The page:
Still Subjects top
For still subjects, I leave it as above, or might set it to AF-S and Single Point if the default isn't selecting the correct things all by itself.
Moving Subjects top
For sports and moving subjects, AF-A and Auto Area as set by default usually work, but if I'm going to be shooting sports all day, I'll set it to AF-C and 3D-tracking. This lets the D5300 track action as it moves around the frame and towards and away from the camera!
Select an appropriate AF area with the control on the back of the D5300 to select your subject, then as you keep the shutter button pressed halfway and keep shooting, the D5300 will keep that subject in focus as it moves all around the frame!
Handing Your D5300 to a Non-Photographer top
The D5300 makes great photos, even when used as a point-and-shoot. (OK, the shot above was shot by my wife on my D40, but you get the point. The D5300 is even better.)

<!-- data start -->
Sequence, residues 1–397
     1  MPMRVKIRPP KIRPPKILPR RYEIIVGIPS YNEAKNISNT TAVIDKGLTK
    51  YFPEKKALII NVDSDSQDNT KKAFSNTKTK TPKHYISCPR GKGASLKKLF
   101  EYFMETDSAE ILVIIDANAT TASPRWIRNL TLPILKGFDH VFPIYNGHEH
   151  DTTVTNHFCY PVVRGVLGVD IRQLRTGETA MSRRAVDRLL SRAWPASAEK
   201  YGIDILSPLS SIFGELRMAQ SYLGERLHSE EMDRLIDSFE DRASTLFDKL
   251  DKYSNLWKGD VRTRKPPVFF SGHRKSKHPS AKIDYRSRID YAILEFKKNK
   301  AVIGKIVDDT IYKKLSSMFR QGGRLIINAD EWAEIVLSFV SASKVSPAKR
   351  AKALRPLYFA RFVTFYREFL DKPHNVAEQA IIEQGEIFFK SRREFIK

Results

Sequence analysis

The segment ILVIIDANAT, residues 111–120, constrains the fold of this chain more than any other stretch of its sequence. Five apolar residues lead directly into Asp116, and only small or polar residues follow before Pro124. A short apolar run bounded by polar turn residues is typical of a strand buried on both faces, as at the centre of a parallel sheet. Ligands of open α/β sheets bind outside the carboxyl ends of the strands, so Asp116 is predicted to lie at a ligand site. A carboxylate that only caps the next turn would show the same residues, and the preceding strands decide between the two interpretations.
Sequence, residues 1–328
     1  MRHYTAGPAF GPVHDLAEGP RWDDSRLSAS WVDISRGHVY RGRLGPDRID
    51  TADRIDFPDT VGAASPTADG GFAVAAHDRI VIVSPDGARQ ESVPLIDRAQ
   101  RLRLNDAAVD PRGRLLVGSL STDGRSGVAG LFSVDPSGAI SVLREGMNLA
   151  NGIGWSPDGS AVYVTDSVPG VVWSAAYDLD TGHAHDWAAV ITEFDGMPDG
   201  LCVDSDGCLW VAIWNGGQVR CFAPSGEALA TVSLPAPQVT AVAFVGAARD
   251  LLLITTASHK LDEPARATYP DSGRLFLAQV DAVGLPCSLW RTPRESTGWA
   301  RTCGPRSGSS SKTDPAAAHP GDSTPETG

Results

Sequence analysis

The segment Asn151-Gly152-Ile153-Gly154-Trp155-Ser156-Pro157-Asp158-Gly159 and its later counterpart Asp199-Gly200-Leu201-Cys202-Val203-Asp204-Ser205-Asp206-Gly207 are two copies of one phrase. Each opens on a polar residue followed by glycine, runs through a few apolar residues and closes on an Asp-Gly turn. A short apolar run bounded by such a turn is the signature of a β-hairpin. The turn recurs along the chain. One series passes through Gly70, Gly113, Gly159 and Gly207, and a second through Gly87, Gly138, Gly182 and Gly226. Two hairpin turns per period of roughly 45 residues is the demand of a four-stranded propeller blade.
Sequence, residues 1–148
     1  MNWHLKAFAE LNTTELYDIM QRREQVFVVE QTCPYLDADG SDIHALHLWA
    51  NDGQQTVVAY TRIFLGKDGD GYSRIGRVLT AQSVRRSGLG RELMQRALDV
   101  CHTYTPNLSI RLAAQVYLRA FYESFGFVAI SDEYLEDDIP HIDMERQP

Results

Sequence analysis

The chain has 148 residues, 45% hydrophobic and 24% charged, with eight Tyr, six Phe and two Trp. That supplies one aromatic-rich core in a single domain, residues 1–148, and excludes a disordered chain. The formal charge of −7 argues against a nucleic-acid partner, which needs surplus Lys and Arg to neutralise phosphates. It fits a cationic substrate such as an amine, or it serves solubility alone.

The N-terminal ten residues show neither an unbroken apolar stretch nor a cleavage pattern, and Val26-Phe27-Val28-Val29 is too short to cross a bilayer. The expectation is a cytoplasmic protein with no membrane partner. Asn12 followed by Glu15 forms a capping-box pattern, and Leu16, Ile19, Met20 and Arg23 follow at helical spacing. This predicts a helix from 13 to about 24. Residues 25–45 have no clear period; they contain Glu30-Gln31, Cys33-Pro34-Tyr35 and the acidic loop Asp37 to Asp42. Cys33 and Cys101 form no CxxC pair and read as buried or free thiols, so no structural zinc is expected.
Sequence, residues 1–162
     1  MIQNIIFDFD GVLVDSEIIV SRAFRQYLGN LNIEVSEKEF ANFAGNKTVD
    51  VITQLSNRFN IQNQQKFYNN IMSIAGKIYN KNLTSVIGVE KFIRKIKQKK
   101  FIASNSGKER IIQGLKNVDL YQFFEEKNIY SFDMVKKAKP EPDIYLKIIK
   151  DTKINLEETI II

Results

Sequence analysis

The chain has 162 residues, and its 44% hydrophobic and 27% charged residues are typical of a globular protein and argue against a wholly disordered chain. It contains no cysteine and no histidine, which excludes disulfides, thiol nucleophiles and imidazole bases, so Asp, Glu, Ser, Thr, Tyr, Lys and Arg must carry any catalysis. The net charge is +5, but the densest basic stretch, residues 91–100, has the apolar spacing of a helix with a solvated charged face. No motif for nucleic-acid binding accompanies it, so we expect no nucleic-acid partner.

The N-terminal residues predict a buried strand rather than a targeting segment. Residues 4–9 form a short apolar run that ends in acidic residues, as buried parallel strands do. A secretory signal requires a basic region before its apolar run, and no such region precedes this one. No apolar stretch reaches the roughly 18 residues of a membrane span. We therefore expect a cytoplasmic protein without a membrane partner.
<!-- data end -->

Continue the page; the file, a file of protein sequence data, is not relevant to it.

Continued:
When I hand my D5300 to a non-photographer (like my wife), I leave the D5300 at its defaults of AF-A and Auto Area. This lets the D5300 figure out where to focus, and it works great.
You can set AUTO on the top dial and it will choose this AF mode, as well as reset a lot of other things back to default.
Focus Mode Switch top
The D5300 has no Focus Mode Switch of its own. This is one of many ways the D5300 saves money so it can do pretty much the same thing for $800 as a $6,500 Nikon D4s does.
AF-S and AF-I lenses have their own AF Mode Switches.
On the lens, M is manual focus, like the 1950s. Turn the focus ring on the lens and look for the focus confirmation dot in the finder.
AF or M/A is autofocus, which is how I use the D5300, and what I'll describe below.